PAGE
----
Idaho voters sent a clear message to policymakers when they struck down a trio of education laws last November. Those laws known as “Students Come First” would have increased technology in classrooms, limited collective bargaining rights for teachers and more.
For some the most important thing on Idaho’s November ballot is not a candidate but three referenda. They ask voters to keep or reject the state’s 2011 education laws known as Students Come First.
Tuesday, at Boise’s City Club, schools’ superintendent Tom Luna, the laws’ champion, had a fiery exchange with state Representative Brian Cronin, one of the most prominent critics.
An audience question at the forum revealed the political philosophy behind parts of Students Come First. Superintendent Luna was asked if the rift between him and the state’s teachers could be healed.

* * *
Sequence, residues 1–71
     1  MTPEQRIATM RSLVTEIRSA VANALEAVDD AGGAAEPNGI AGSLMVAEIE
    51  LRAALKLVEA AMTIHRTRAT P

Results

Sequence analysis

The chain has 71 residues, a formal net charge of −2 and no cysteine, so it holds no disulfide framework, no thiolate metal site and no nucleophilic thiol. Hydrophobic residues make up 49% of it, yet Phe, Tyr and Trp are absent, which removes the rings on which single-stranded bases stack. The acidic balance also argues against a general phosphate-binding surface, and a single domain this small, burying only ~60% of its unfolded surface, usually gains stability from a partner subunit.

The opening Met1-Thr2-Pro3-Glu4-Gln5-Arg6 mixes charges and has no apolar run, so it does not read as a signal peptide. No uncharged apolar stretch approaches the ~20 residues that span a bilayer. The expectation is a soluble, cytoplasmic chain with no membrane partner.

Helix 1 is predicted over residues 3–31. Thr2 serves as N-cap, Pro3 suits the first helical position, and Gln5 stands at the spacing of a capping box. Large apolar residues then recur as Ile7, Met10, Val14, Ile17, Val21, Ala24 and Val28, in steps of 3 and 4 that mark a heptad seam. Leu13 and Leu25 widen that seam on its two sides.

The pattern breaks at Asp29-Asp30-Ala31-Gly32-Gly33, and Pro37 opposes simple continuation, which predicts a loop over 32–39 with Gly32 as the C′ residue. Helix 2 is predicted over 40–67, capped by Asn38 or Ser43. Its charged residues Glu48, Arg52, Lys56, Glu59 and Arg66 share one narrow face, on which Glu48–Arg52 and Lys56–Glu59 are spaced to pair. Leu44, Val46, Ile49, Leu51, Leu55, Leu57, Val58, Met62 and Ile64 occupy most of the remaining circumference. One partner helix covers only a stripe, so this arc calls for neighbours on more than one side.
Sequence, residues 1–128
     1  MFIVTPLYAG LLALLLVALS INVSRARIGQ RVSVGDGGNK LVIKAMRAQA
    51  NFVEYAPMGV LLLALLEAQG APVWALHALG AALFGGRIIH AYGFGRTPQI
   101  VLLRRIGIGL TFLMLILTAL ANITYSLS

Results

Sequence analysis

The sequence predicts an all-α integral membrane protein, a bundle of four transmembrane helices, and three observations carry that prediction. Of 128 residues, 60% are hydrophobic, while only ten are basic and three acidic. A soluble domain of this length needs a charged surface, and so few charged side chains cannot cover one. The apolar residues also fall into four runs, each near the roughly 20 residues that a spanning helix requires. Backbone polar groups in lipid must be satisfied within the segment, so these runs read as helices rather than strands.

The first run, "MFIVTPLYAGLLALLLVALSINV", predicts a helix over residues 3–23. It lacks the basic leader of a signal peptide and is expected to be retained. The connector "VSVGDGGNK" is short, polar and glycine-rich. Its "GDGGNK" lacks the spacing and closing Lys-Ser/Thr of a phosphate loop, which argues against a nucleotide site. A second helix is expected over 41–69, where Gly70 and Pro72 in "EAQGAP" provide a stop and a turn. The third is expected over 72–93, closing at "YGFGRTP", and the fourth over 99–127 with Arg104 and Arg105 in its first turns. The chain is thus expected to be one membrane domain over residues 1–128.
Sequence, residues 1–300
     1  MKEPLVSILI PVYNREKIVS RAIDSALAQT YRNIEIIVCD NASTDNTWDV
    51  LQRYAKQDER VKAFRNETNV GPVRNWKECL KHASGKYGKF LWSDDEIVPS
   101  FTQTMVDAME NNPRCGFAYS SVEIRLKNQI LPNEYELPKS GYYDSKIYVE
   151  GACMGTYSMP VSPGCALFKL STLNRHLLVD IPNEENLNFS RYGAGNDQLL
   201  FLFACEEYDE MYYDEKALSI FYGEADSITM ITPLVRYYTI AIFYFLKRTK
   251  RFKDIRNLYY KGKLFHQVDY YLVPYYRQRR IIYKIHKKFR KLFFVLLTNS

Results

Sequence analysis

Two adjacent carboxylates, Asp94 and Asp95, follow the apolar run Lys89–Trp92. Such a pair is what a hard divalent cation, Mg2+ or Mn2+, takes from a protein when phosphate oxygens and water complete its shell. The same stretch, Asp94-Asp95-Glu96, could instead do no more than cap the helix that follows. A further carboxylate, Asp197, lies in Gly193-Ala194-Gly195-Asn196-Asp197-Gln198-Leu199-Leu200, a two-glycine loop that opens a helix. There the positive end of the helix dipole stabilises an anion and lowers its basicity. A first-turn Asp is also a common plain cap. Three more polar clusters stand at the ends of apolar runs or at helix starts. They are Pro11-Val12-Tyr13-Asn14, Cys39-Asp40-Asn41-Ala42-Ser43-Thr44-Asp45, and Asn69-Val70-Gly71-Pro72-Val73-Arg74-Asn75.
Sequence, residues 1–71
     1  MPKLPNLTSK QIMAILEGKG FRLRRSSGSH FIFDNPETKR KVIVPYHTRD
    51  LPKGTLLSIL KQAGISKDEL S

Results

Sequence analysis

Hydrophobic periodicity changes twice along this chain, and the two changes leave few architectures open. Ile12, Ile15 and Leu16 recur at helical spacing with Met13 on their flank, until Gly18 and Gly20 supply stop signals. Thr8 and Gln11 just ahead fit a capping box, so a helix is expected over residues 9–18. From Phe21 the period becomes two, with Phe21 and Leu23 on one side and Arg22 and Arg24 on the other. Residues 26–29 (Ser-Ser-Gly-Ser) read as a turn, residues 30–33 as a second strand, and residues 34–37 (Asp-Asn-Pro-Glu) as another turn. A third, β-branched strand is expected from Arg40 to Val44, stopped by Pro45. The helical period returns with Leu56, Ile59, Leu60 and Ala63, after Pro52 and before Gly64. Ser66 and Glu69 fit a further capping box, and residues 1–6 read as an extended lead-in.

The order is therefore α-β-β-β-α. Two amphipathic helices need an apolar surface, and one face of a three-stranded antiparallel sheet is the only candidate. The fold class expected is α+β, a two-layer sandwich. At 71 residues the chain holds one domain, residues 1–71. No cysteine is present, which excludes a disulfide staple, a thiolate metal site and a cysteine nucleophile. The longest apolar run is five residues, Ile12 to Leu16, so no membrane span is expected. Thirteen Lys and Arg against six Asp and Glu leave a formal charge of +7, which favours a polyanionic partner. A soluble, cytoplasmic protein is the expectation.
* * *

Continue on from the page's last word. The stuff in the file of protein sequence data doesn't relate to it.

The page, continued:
The state of Idaho will give up an estimated $845 million this year in the form of tax credits and exemptions. And only a select few at the Idaho Tax Commission know exactly where that money goes.
Democrats in the Idaho Legislature again offered a slate of bills they said would boost economic growth and add jobs to the economy.
They dubbed it ‘IJOBS’, and it’s not the first time they’ve attempted to get similar measures through. Democrats introduced the first round of IJOBS bills back in 2010. They all failed.